I was thinking the other day about this growing old thing. One day, you are just a kid and the next day you, well, aren’t. I remember high school graduation like it was yesterday, but no, it was 63 years ago. A mere blip on the cycle of life. Those days were a lot of fun, but they also contained a lot of angst. We wanted a lot of stuff that we were too young to have. A car or even a drivers license. We wanted to put school in the rear view mirror and overlook the prospects of having to get a job. We wanted to have our own money, our own place, and make our own rules. We wanted the good life and we wanted it right now.
Well, if there is anything to be said for getting old, I guess it is that I have all that now. Plus, if I had a lady friend, I wouldn’t have to worry about her getting pregnant. And, just for good measure, I don’t have acne either. What I do have, however, is an increasing resistance by my body to respond to certain commands like ‘stand up’ or ‘run’ (like that’s going to happen). I guess you could call that getting old. I prefer to think of it as outliving my warranty. There is no such thing as OEM parts for a body. They are all produced by aftermarket manufacturers, so we start to turn into an entity consisting of spare parts. Time was, if I dropped something, I would simply pick it up. Today, I find myself contemplating whether I really need it anymore. In my youth, if I fell down, people would just laugh. Today if I fall down they gasp. All a matter of perspective I guess.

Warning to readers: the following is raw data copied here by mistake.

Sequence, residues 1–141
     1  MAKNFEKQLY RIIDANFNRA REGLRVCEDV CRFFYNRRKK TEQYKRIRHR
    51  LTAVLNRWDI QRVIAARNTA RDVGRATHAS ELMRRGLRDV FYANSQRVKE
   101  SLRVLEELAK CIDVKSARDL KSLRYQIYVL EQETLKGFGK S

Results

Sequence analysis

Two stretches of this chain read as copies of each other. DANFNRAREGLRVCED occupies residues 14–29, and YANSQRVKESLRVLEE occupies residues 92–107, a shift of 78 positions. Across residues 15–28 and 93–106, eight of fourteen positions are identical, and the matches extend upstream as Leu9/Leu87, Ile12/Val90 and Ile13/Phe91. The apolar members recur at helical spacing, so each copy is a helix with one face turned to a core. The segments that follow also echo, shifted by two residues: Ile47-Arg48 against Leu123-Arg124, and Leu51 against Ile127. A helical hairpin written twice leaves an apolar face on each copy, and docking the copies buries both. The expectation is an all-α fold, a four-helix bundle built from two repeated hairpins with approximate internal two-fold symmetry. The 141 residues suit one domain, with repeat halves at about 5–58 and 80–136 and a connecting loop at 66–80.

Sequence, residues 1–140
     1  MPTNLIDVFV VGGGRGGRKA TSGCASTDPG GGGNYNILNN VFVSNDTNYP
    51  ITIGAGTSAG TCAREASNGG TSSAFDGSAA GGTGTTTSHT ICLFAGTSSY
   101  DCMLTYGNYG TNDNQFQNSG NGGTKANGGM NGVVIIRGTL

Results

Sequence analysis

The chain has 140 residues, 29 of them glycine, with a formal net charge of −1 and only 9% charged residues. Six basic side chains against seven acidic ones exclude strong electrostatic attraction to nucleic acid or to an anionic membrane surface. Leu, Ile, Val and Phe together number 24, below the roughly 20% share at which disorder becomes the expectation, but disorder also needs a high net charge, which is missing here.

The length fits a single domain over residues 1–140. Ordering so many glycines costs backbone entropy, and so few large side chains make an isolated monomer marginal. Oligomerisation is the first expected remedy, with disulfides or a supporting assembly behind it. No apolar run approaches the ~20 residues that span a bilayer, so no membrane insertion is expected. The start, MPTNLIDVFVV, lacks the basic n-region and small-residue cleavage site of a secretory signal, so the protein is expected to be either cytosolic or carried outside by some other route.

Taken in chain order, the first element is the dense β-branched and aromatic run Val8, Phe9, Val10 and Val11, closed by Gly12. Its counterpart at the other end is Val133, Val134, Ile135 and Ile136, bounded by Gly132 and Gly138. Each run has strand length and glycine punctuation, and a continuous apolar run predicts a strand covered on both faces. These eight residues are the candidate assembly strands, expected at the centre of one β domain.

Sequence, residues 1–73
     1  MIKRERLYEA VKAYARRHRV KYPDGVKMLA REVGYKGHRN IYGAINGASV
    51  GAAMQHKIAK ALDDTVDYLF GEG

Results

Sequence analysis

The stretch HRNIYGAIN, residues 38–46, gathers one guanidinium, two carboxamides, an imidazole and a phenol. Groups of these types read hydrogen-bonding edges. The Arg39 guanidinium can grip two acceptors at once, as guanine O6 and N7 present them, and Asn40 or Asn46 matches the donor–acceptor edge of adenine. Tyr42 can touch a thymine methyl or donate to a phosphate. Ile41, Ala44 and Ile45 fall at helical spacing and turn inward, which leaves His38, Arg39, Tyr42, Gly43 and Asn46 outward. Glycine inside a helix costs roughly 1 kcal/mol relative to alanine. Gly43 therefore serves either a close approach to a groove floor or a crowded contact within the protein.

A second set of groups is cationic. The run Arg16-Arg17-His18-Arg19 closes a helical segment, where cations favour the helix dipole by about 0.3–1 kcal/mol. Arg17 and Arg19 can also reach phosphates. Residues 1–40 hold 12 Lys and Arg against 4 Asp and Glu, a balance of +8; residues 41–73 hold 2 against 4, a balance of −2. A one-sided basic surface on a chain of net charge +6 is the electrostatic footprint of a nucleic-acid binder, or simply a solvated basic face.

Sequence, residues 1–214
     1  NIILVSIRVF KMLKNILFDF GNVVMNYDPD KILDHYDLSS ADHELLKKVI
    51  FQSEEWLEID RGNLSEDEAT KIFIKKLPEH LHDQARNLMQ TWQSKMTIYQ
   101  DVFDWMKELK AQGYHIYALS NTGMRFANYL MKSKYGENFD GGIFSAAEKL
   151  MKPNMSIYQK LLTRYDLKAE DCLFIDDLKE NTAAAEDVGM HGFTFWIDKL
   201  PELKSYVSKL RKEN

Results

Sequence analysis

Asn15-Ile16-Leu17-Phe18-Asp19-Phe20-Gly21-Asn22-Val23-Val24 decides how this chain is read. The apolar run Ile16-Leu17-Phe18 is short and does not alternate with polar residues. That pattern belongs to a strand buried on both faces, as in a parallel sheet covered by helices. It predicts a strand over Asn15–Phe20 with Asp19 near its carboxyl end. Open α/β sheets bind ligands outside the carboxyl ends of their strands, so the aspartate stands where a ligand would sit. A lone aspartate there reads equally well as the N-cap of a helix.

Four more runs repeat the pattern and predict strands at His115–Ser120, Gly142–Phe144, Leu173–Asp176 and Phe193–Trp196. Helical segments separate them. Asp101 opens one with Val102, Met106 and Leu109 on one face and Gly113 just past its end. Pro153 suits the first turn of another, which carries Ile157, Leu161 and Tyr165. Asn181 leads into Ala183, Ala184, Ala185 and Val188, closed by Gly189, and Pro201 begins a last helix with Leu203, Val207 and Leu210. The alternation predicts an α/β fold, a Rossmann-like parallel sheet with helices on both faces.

I’m happy to say that my mind seems to run pretty well. Oh, I do forget things, and find a lot of my conversations contain the phrases ‘did I tell you this before’ or ‘now what was I going to say’? But that’s OK because a lot of my friends will reply ‘Huh, what did you say’? Put’s me in mind of the story about a grandson asking his grandfather why, after 64 year of marriage, he still called his wife honey, sweetheart, and darling. What was the secret that kept the romance alive? The old man replied “well, I forgot her name 5 years ago and I’m afraid to ask her.
In retrospect, I’ve got to say I’m kind of enjoying this aging thing. I think senility will be a rather smooth transition for me. I’ve noticed that if I’m feeling cranky, people are not surprised. If I ask for the senior discount, I don’t get challenged. Since suffering a fall a couple of months ago that fractured an ankle, I have had a temporary handicapped sticker in my car. Have you ever watched someone park in a handicapped space and, when they get out of the car you check them out for external signs of infirmity? Well, I’ve noticed when I get out of my car, people just nod. I could probably do without that.
Anyway, it is what it is I guess. Along the line you learn not to sweat the petty stuff, and not to pet the sweaty stuff. That’s probably going to be as good as it gets.